When maths actually hurts... and how to make it stop.

15th November 2012

Can the idea of solving a string of equations make your head throb? Does anticipating a maths exam give you a stomach ache? If so, not only are you not alone, but it is not just your imagination… what you are feeling is real, from a neurological point of view anyway. A recent study from the US published in scientific journal PLoS ONE, has shown that maths anxiety actually generates activity in the same areas in your brain which register the experience of bodily pain, and the threat of attack.

Maths Hurts

Psychologists Ian Lyon and Sian Beilock explain that "Mathematics anxiety is ideal... for expanding our understanding of how physically innocuous situations might elicit a neural response of actual physical pain." Specifically, in this study, they wanted to see if the anticipation of doing maths provoked the same negative neurological response as the activity itself.

The SMARS Scale

Their main focus was people rated as having 'high levels of mathematical anxiety' according to the SMARS (Short Maths Anxiety Rating Scale) a scale designed in 1972 for the specific purpose of testing levels of maths anxiety. And yes, the fact that there already exists an accepted psychological scale for measurement of the problem does say a great deal about how prevalent an issue maths anxiety continues to be.

Subjects were warned before they were presented with a challenging maths problem, in order to test their reaction to the period of anticipation. They were scanned by MRI throughout the experiment, and the results were rather surprising.

"A Visceral, Aversive Bodily Reaction"

The researchers found that areas in the brains of these poor HMA’s known to process physical pain and personal threat lit up like big anxious Christmas trees in the period of anticipation after being warned that a hard maths problem was coming. Researchers described this as an extreme "visceral, aversive bodily reaction" and, not surprisingly, these subjects then scored poorly on the maths problems.

Interestingly though, when HMA’S actually had to do maths, their neurological response calmed down significantly suggesting that "It is not that maths itself that hurts; rather, the anticipation of maths that is painful" as the paper concludes and this provides the "first neural evidence indicating the subjective nature of maths anxiety".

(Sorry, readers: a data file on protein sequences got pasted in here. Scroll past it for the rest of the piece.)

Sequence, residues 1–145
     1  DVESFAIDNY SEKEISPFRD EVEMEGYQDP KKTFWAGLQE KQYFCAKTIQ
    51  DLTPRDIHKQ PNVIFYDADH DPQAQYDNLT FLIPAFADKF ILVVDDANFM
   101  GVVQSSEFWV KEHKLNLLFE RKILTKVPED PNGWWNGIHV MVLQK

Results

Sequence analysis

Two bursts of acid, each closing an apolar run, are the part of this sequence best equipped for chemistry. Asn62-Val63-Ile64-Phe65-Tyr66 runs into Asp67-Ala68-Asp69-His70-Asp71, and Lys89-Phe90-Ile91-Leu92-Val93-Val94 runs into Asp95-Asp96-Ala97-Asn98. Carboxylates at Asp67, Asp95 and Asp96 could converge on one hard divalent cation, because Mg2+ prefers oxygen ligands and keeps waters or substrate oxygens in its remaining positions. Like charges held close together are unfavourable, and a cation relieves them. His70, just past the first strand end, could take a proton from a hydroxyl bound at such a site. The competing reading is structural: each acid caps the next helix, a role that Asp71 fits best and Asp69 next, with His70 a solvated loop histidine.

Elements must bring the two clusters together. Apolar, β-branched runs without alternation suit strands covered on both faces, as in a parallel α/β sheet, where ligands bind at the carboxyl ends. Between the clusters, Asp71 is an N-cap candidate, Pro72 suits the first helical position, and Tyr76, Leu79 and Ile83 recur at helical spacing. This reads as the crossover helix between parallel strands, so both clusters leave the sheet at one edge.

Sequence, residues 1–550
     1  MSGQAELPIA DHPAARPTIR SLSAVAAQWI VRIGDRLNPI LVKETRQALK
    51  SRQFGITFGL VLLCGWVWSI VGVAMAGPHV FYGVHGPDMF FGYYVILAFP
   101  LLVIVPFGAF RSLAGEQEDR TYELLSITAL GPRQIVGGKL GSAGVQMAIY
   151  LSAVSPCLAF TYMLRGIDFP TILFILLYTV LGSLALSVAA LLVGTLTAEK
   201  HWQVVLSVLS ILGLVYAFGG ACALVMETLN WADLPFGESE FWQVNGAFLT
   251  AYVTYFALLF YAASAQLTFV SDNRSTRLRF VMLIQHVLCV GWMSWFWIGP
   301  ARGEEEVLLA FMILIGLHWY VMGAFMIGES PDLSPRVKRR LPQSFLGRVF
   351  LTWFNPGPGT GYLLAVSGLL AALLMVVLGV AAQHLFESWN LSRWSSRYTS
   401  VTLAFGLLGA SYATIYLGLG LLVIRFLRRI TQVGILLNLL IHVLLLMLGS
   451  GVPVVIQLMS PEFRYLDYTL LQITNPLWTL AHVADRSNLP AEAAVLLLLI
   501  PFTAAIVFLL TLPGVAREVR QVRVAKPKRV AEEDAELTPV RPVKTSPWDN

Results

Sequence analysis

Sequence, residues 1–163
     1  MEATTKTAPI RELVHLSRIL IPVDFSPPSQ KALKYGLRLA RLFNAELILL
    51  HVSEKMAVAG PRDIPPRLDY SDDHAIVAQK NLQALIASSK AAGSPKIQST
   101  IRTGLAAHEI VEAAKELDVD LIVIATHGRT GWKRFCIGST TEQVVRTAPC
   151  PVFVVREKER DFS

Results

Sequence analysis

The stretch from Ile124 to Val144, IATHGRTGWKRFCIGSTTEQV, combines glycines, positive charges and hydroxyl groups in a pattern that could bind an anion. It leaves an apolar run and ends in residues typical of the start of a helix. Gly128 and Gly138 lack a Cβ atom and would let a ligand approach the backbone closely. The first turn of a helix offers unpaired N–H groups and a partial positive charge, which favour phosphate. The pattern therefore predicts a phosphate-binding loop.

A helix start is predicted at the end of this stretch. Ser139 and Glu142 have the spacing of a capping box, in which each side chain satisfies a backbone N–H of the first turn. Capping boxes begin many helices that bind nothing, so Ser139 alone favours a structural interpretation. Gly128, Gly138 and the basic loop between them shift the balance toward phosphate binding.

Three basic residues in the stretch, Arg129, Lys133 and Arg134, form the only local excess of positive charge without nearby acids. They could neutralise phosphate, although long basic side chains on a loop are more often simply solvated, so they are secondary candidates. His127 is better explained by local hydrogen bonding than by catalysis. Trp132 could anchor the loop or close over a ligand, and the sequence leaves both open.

This means the pain pathways of the brain can be activated by things such as maths which have no relation to physically painful experiences (especially with the abolition of corporal punishment!) and this could shed light on maths anxiety as a psychological phenomenon like any other phobia. This means it can be more easily treated and understood, and hopefully the knowledge can be used to improve the teaching of maths in schools.

Anticipation Worse Than Reality

Most importantly for the proportion of ConquerMaths.com students who do experience maths anxiety this study really has shown the truth of the old adage that "we have nothing to fear, but fear itself". It is not the actual action of sitting down and doing maths, and revising your skills that can make some of us feel so awful... It is the anticipation beforehand coupled with the physical pain and wretched conviction that it will be hard is what freezes some people and stops them attempting the maths which, when you have access to a program like ConquerMaths.com simply should never be too hard to manage, and certainly nowhere near as hard as it will seem in your head!

Procrastinate No More

At ConquerMaths.com, it may be easier than it sounds, but we suggest that next time you are putting off doing your ConquerMaths.com lessons and revision, remember that while you procrastinate you are actually experiencing the very worst that maths, and your brain chemistry has to offer!

So it seems that the only way to reduce this anxiety is to simply sit down and get on with it. And that has the added benefit that if you are doing your ConquerMaths.com lessons, you are preparing for exams, coursework and anything the course might throw at you, instead of just procrastinating and anticipating something to be much worse than it could ever be, and in the meantime only causing yourself genuine pain, without any gain. Face your fears about maths by doing maths, and your fears will fade. Science says so.

What do you think? If you experience maths anxiety do you find the anticipation  far worse than the reality? Share your experiences in the comments section below.

Read the original news source article here
Read the original PLoS ONE journal entry here

Full Citation: Lyons IM, Beilock SL (2012) When Math Hurts: Math Anxiety Predicts Pain Network Activation in Anticipation of Doing Math. PLoS ONE 7(10): e48076. doi:10.1371/journal.pone.0048076